Growth performance and whole-body composition of pigs experimentally infected with Mycoplasma hyopneumoniae

J. Escobar, W. G. Van Alstine, D. H. Baker, R. W. Johnson

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Mycoplasma hyopneumoniae (Mh) is the primary infectious pathogen responsible for enzootic pneumonia in pigs. Although Mh is thought to impair growth performance, whole-body composition, and fat and protein accretion in pigs with pneumonia have not been reported and the mechanism through which Mh reduces growth is unknown. The objectives of this study were to evaluate the effects of Mh on growth performance, whole-body composition, and protein and fat accretion in nursery pigs and to determine whether Mh infection increases the expression of interleukin (IL)-1β, IL-6, and tumor necrosis factor-α (TNF-α). Sixty-four 2-wk-old Mh-free pigs were used (two trials) in a randomized complete block design. In each trial, two pigs were housed in each of 16 disease-containment chambers. At 4 wk of age, pigs were inoculated intratracheally with 3 mL of Mh broth (P5722-3, 107 cfu/mL) or sterile Friis culture medium. Clinical signs of disease and feed intake were monitored daily and body weight was determined weekly for 4 wk. Whole-body composition was determined from pigs killed 0, 14, and 28 d after inoculation, and the comparative slaughter technique was used to estimate protein and fat accretion. At death, gross lung lesions were quantified, and lung tissue was collected to verify the presence or absence of Mh, and to determine cytokine mRNA levels. Control pigs displayed no overt signs of infection and were Mh-negative and free of pulmonary lesions. Pigs inoculated with Mh showed pneumonic coughing (P < 0.005), were Mh-positive, and had pulmonary lesions that affected 4.5% (P < 0.01) and 14.1% (P < 0.001) of total lung surface area at 14 and 28 d, respectively, after inoculation. Ribonuclease protection assays revealed increased IL-1β (P < 0.04) and TNF-α (P < 0.06) mRNA in lung tissue collected from a lesion site compared with tissue collected 10 cm from a lesion site or from control pigs. Interestingly, Mh did not depress weight gain or feed efficiency during any week of the 28-d study (P > 0.10). Moreover, Mh did not affect whole-body fat or protein accretion (P > 0.10). Thus, in spite of inducing disease and expression of inflammatory cytokines, Mh alone did not affect growth performance and whole-body composition of nursery pigs during the 4-wk experiment. The ability of pigs to contend with Mh may have resulted from the absence of other pathogens that generally co-exist with Mh under commercial conditions.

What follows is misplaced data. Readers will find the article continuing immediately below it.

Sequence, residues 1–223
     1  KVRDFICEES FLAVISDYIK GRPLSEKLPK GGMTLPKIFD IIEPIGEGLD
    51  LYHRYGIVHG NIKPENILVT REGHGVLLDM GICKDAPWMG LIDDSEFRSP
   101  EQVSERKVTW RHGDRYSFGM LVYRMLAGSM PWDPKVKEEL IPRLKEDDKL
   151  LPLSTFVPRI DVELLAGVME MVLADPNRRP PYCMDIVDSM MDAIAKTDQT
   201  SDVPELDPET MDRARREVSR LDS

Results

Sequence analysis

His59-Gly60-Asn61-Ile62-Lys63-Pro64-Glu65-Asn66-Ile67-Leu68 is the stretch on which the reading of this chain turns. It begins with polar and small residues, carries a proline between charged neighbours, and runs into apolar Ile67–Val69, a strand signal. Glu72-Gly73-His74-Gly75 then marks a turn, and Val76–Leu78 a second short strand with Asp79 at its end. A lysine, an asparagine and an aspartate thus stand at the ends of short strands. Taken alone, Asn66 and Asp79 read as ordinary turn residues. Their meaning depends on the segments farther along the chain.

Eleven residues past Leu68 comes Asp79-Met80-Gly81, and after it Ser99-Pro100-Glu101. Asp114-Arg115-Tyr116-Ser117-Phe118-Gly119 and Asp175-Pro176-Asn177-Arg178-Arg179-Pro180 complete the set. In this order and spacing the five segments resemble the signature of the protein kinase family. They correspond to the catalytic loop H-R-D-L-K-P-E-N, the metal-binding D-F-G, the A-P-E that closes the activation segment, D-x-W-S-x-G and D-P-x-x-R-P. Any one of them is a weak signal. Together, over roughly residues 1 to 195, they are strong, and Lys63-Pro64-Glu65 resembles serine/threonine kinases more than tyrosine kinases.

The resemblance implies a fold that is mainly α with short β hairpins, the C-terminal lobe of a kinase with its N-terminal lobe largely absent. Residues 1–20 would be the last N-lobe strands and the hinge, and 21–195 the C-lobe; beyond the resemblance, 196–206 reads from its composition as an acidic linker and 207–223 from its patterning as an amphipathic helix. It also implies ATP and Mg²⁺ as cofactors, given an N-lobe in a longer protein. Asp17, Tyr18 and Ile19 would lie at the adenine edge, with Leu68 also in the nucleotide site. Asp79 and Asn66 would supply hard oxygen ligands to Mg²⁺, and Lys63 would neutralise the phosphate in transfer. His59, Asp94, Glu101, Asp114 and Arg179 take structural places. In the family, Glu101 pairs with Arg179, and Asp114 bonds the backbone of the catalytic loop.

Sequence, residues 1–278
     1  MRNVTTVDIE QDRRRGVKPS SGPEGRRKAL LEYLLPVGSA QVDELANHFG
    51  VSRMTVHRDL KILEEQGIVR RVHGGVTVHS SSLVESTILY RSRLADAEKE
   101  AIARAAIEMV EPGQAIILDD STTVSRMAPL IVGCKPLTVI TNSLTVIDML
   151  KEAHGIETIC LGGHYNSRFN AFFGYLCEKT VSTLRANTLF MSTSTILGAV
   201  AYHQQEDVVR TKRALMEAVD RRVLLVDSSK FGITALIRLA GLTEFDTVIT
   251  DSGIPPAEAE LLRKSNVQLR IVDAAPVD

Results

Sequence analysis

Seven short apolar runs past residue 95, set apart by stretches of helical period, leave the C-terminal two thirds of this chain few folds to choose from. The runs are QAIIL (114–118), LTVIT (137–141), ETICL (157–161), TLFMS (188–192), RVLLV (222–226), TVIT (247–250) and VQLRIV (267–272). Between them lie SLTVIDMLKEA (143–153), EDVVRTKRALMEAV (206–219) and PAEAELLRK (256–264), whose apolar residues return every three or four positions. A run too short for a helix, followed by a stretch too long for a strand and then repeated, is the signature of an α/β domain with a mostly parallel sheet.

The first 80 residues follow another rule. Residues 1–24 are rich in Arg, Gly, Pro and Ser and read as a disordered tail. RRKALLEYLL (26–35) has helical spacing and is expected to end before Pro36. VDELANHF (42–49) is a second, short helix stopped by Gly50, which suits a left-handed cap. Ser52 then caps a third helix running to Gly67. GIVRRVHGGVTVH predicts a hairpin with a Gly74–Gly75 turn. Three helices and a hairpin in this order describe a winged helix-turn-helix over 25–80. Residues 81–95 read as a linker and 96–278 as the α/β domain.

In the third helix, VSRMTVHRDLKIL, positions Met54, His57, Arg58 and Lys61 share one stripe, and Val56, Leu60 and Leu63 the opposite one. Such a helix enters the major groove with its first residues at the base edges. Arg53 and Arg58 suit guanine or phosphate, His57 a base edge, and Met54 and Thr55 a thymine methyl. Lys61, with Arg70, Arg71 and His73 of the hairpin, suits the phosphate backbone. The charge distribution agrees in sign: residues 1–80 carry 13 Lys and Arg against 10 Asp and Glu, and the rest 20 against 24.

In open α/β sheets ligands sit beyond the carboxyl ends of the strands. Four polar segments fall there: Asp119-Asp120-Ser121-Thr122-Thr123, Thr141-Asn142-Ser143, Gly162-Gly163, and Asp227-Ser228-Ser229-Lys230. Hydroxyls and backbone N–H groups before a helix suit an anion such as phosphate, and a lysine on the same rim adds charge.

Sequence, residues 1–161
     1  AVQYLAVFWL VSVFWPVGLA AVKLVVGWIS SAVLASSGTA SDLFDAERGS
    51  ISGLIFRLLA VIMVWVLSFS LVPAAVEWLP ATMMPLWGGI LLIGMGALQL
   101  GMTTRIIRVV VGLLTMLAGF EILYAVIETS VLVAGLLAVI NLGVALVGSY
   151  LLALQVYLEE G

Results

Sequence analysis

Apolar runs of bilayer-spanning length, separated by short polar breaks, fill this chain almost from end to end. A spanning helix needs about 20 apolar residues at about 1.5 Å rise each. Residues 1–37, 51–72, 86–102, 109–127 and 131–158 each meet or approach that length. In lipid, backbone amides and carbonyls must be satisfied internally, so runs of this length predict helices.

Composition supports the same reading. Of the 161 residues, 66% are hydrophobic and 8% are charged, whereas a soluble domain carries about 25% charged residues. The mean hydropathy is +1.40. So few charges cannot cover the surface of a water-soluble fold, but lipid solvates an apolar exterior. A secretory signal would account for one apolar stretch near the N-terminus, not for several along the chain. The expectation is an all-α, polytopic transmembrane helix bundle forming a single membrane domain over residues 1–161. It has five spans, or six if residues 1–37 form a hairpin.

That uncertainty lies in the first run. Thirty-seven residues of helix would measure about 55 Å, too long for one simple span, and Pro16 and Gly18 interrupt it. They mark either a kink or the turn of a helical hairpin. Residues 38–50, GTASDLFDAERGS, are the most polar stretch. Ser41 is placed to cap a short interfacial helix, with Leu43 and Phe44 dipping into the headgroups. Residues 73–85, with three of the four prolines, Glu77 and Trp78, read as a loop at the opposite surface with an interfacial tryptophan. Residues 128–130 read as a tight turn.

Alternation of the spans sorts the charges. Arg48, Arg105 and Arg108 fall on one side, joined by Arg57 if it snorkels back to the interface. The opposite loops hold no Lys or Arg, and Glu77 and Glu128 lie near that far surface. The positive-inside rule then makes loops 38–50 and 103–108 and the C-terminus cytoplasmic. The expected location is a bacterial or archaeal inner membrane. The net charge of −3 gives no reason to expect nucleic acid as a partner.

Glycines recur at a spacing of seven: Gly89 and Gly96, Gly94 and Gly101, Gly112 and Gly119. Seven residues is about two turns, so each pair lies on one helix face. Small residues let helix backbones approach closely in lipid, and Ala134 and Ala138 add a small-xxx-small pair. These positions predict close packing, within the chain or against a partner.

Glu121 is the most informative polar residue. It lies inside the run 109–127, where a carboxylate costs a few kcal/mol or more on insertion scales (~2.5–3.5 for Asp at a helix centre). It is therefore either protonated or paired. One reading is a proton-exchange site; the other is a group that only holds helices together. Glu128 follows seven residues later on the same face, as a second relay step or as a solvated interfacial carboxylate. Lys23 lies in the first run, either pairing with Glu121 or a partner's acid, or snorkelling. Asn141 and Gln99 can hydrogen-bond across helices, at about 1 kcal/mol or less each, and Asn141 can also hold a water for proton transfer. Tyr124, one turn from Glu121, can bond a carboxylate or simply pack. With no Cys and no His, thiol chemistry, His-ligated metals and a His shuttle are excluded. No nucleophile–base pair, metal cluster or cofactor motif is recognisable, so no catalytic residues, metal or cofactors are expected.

Original languageEnglish (US)
Pages (from-to)384-391
Number of pages8
JournalJournal of animal science
Issue number2
StatePublished - Feb 2002


  • Cytokines
  • Diseases
  • Growth
  • Mycoplasma
  • Pigs
  • Protein

ASJC Scopus subject areas

  • Food Science
  • Animal Science and Zoology
  • Genetics


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